Impact Mapping team objectives
I was asked to facilitate a session with a team of systems analysts who wanted to set their objectives for the next 6 months. This was a group of people who spent a large portion of their time embedded within project delivery teams. I wanted to use an approach that could address a number of questions:
- How to make a group of people with similar skill sets feel like a team?
- How to align the objectives of those ‘team’ members?
- How to ensure they support one another in achieving their team’s objectives?
- How to get people to buy in and own the objectives and not just have them feel they have had them delegated on them by their managers?
- … oh and how to get people to actually participate and enjoy the process of establishing their objectives!
The core approach I went for was Impact Mapping, a collaborative planning technique which I’d used quite a bit before, but for product delivery planning. I broke the agenda for the session down as follows:
Vision: This focussed on what made them a team. What was their purpose? They broke into 2 smaller groups and built a Product Box for the purpose of the team as a whole. We then checked in, compared and synthesised these into a single agreed vision. This team’s reason for being was to;
‘Deliver quality integrated customer centric solutions, fast!’
This Vision led on to the Impact Mapping, using lots of post it’s and a very long wall! We brainstormed as a group for the Why (and the measures), the ‘Who’ and ‘How’, then did a think-pair-share for the ‘What’.
Why: To support the vision the team had defined for itself, we brainstormed the biggest roadblocks that were preventing us from realising it. This ambitious problem statement became the high level goal, that the team should be focussing for the next 6 month period. In this case the team broke the this down into 4 areas that formed their team vision; ‘Quality’, ‘Integrated’, ‘Customer Centric’ and ‘Fast’.
Measure: I emphasised quantifiable and actionable measures to support the overall goal and the 4 sub-areas the team wanted focus on. How would we measure the difference that was (or was not) being made? What numbers would we use? What would we expect to observe when moving toward the goal? We looked at what would be a good thing to measure to support each of the 4 areas, and then looked at what that measure was today and an ambitious target for the next 6 months. If we did not know a measure, we made a best guess, and took and action to review. We agreed it was better to start with something.
In terms of the Quality area, the team identified the following to measure:
- Reduce number of incidents identified in production
- Reduce re-deployments of a candidate to pre-production environment
- Improve perception and trust of deployment
The first 2 were relatively straightforward to put a number against, for the 3rd we used feedback from key people who were involved in the deployment process. The team held a retrospective following each deployment, and decided to use a rating of 1 – 5 for feedback, where 1 was “let’s never deploy again…!”, to 5 which was “when can we do that again ?!” The measure was to increase the feedback so the minimum was a 4.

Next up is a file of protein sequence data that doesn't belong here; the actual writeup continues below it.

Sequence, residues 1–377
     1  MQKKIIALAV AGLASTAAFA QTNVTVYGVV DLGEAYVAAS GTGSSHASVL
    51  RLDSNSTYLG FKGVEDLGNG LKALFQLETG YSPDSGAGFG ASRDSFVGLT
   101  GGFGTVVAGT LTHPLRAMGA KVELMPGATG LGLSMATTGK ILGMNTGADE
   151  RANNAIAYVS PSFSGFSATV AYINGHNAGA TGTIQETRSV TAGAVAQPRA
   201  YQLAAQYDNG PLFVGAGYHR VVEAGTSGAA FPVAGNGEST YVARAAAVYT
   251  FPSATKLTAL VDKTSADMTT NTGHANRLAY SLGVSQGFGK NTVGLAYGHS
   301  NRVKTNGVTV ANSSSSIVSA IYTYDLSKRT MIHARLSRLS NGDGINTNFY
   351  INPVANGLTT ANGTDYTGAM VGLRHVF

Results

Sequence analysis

Who: Next we focussed on whose behaviour we would want to change to support us in our team goal. Who are the stakeholders, both internal to the organization that the team were a part of, and external. These were identified as both individuals and groups. In terms of who was involved in the release retrospective and would be involved in the feedback rating:
- Delivery teams
- Deployment team (yes this was a seperate team…)
- Operational support team
- Release Manager
- Change Manager
- Project Manager
How: How can the stakeholders identified support the team in achieving their goal? Are these stakeholders likely to obstruct or hinder the team? How would the stakeholders role or behaviour need to change?
- Deployment team: deploy digital packages faster
- Deployment team members volunteer to do our digital deployments!
- Release Manager: no need to act as escalation point and to firefight
- Release Manager: use our deployments as examples of how it should be done across the organization!
What: We then looked to identify the actions and deliverables that would help realise that role or behavioural change in the stakeholders(s), or help avoid that behaviour if we feel they may hinder us!
The team picked the highest priority ‘How’s’ to focus on first, using dot voting. We then broke into think-pair-share exercise, where the participants exchanged ideas in pairs, then shared with the whole group combining them into a set of actions that we could undertake. They then put their avatar against the ‘What’ actions that they wanted to commit to first (they had 2 avatars each). It didn’t matter if more than one person wanted to pick up an action, this helped with the team collaboration. There was now a plan and set of actions, that could be displayed and reviewed at the next team meeting. Some of the actions that the team decided upon to support the deploying a package faster:
- Automate the build process
- Merge Deployment team and development team into DevOps structure
The approach works really well, and it proved to me that Impact Mapping is a great collaborative approach for team as well as product planning. It created a shared purpose for the team, as well as group buy in to the actions. The map ended up being a living plan with more ‘Whys’ and measures than a product map, which meant the team had to focus on the ones they dealt would deliver most value first. Through establishing a set of measures for the team, it meant they did not game one particular number. By visualising the plan it meant the team could check in and review measures and progress periodically at their team meetings. Objectives weren’t just filed away in a drawer for 6 months…oh and the participants? they loved the session!